ISSN (Print) - 0012-9976 | ISSN (Online) - 2349-8846

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Will India Change the Climate at Copenhagen?

A misplaced sense of global power is undermining India's principled position on climate change.

Last month, India’s environment minister, Jairam Ramesh, called for a change in India’s well-established position that has framed its international climate change policy for nearly two decades. In a “confidential letter” to the prime minister, conveniently leaked to the media, he asked for India to disassociate itself from the G-77 group of developing countries at the climate change negotiations in Copenhagen and to dump the Kyoto Protocol in favour of a new agreement proposed by Australia. He argued that India should be seen as “pragmatic and constructive and not argumentative and polemical”. While the normal rituals of denial – of the letter, of the contents, of any change in India’s position on climate change negotiations – were carried out, the leaked, supposedly secret, letter had served its purpose. The focus of domestic discussion shifted from the issue of how to push the developed (Annex I) countries to live up to their legally binding commitments to reduce greenhouse gas emissions and help developing countries on a cleaner path to development by transfer of technology and funds, to the question of whether India’s “national interests” were best served by cutting deals with these developed countries and agreeing to their demand for dumping the Kyoto Protocol.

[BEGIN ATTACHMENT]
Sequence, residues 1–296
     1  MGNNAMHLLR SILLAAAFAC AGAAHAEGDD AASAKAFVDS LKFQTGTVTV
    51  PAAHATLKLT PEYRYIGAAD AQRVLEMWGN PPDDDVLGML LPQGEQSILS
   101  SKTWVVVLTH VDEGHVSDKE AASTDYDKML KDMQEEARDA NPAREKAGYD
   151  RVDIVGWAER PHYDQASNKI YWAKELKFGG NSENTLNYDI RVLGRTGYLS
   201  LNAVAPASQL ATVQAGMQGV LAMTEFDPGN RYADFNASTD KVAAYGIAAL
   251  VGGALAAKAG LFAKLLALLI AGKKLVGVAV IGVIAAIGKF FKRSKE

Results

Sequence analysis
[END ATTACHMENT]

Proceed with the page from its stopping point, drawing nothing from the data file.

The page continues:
We should be clear on what is entailed here. There are many criticisms of the Kyoto Protocol, not least that it set targets for carbon reduction which were far too low and that it relies overly on market mechanisms, but it did place the question of equity and development at the centre of the climate change negotiations. It was based on the principle that those who had drawn more than their fair share of the global commons were required to compensate those who had suffered for this and it defended the rights of the poor to work their way out of poverty. The United States (US) had been the only state which had kept itself outside of these legally binding commitments despite contributing about one-fifth of the world’s carbon emissions. There was some hope with the election of Barack Obama as US president, that the unilateralism which had marked the reign of his predecessor would be reversed and the world’s greatest polluter would join the global compact to reduce greenhouse gas emissions. Unfortunately, over the past months, it has become increasingly clear that the US is unwilling to take on any legally binding international commitments (not that these have stopped other developed countries from increasing their emissions).

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